I have created a new youtube channel – and have uploaded some videos there already! Bookmark & Subscribe here:
More stuff is coming over the next weeks & months :-)
NB! If you want to move to the "New World" - offload your data and workloads to Hadoop, without having to re-write your existing applications - check out Gluent. We are making history! ;-)
It took a while (1.5 years since my last class – I’ve been busy!), but I am ready with my Advanced Oracle Troubleshooting training (version 2.5) that has plenty of updates, including some more modern DB kernel tracing & ASH stuff and of course Oracle 12c topics!
The online training will take place on 16-20 November & 14-18 December 2015 (Part 1 and Part 2).
The latest TOC is below:
Seminar registration details:
I’ve updated some of my ASH scripts to use these 4 arguments in a standard way:
I’m writing this (unusual) post as I am a long time Gmail user and recently I’ve seen plenty of people & articles complain about the Gmail’s new compose window (the one that shows up as a small hovering window in the bottom right of your screen):
The top google hits so far only return tips to disable the new editor completely, but I want to use the new one, just in a bigger window! There is a very easy workaround for that – and there’s no need to switch back to the old compose mode at all!
If you are using your mouse, then just:
I have fixed most of the bugs that showed up during the Snapper launch party session and uploaded the new version (v4.02) of Snapper here:
I have also uploaded the launch party hacking session video to enkitec.tv:
I have not updated the snapper documentation yet, but here are the main improvements:
I am lazy, therefore if I can type less, I will type less.
Often people are surprised to see that Oracle supports the ANSI DATE and TIMESTAMP syntax in the SQL code, which allows me to shorten the lengthy TO_DATE( …. , ‘YYYY-MM-DD HH24:MI:SS’) syntax a bit. You can just type this if you want to compare some field to a date (day precision):
SQL> SELECT COUNT(*) FROM dba_objects WHERE created > DATE'2012-12-01'; COUNT(*) ---------- 0 SQL> SELECT COUNT(*) FROM dba_objects WHERE created > DATE'2012-01-01'; COUNT(*) ---------- 804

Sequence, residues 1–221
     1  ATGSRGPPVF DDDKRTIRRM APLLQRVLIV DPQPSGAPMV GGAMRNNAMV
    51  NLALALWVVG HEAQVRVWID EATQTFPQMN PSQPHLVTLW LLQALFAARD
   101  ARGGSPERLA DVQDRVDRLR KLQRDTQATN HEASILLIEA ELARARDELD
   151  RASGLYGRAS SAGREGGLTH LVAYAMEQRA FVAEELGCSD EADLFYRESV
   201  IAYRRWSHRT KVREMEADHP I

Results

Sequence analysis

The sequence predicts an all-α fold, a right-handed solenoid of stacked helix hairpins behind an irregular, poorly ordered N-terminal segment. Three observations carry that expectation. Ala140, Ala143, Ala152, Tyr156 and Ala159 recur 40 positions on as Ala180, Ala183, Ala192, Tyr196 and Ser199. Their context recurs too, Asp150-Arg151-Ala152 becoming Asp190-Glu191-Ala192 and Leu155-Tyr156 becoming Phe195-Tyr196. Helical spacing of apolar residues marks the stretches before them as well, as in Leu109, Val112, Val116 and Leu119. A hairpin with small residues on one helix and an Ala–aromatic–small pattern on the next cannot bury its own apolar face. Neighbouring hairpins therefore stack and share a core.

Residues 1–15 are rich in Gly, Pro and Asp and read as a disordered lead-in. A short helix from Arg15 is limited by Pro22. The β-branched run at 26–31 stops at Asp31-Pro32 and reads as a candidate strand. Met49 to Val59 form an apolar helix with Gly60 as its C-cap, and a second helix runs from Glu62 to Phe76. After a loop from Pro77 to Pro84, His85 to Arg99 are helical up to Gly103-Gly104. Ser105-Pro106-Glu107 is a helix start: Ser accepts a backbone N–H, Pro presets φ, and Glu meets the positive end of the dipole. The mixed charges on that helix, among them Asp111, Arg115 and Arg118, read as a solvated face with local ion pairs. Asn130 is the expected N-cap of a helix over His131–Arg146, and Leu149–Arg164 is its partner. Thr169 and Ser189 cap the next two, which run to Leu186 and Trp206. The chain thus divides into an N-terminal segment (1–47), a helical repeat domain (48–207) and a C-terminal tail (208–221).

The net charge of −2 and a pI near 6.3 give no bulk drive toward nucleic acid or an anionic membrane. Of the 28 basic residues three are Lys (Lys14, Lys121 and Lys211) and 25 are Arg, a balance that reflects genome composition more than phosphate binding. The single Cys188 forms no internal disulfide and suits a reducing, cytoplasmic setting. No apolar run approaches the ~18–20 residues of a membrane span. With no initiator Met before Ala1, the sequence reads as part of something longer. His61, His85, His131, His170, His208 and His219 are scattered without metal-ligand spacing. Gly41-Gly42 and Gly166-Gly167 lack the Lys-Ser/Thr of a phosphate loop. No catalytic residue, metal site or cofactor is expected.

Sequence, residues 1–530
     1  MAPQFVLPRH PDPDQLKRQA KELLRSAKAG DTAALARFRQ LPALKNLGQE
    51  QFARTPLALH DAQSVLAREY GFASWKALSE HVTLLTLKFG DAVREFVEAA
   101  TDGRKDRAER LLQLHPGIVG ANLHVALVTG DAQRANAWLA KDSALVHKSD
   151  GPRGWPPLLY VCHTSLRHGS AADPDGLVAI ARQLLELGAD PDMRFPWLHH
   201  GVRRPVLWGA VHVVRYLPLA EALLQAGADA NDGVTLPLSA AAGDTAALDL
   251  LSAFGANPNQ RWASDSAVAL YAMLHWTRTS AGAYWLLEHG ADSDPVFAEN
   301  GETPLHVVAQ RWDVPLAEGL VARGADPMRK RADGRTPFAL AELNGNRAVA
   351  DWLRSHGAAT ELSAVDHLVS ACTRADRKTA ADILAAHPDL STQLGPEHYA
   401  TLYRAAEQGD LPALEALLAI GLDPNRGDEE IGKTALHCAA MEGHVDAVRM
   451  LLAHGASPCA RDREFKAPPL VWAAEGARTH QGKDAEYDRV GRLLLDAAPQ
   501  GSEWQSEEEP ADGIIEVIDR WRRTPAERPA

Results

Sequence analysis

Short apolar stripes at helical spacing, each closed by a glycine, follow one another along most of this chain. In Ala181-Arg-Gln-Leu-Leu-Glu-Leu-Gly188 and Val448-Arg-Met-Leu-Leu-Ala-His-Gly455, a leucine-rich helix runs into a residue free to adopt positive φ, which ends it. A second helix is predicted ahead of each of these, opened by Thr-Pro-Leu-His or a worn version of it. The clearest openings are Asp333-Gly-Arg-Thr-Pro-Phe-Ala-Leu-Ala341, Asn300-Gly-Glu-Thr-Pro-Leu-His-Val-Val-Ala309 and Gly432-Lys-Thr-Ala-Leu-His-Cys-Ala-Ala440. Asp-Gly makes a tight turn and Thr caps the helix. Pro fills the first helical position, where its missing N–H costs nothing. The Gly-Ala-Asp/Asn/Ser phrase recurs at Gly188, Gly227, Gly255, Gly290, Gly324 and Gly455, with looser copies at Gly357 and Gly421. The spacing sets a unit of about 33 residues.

This way you can always use the standard date format regardless of any NLS settings that may say otherwise.
Ok, I’ve wanted to write this blog entry for a long time – and now it’s time!
Most of my blog readers (thank you!) are performance-minded computer enthusiasts, who care about efficiency and optimization. You’ve been tuning SQL execution plans, instance and OS configuration so that your sessions would achieve the same results with less work and also with less waiting!
You probably know to appreciate why asynchronous I/O must be enabled for busy modern databases, so that your database sessions can do I/O (talk to the storage) without actually having to wait for the I/O operations to complete! You can increase the processing throughput, by not submitting every single I/O separately and waiting for it to complete, before being able to process the results and submit the next one. Asynchronous I/O is a crucial thing for good performance.
First, a reminder – my Advanced Oracle Troubleshooting v2.0 online seminar starts next week already. Last chance to sign up, I can accept registrations until Sunday :-)
I won’t do another AOT seminar before Oct (or Nov) this year. More details and sign-up here:
I have rescheduled my Advanced SQL Tuning and Partitioning & Parallel Execution for Performance seminars too. I will do them in September/October. Unfortunately I’m too busy right now to do them before the summer.
And that’s all the travel I will do this year…
I’ll soon announce the 2nd EsSN virtual conference too ;-)
Free online stuff:
Perhaps in a month or so I will do another hacking session (I’ll plan 2 hours this time, 1 hour isn’t nearly enough for going deep). The topic will probably be about low-level details of SQL plan execution internals… stay tuned!
People talk about the Oracle SQL Developer 3 being out, which is cool, but I have something even cooler for you today ;-)
I finally figured out how to convert my screen-recordings to uploadable videos, so that the text wouldn’t get unreadable and blurry.
So, here’s the first video, about a tool called MOATS, which we have built together with fellow OakTable Network member and a PL/SQL wizard Adrian Billington (of oracle-developer.net).
Here’s the video, it’s under 3 minutes long. Play the video in full screen for best results (and if it’s too slow loading, change it to lower resolution from HD mode):
Check it out and if you like MOATS, you can download it from Adrian’s website site (current version 1.05) and make sure you read the README.txt file in the zip!
Also thanks to Randolf Geist for finding and fixing some bugs in our alpha code… Note that MOATS is still kind of beta right now…
P.S. I will post my ORA-4031 and shared pool hacking video real soon now, too! :-)
P.P.S. Have you already figured out how it works?! ;-)
Update: Now you can suggest new features and improvement requests here: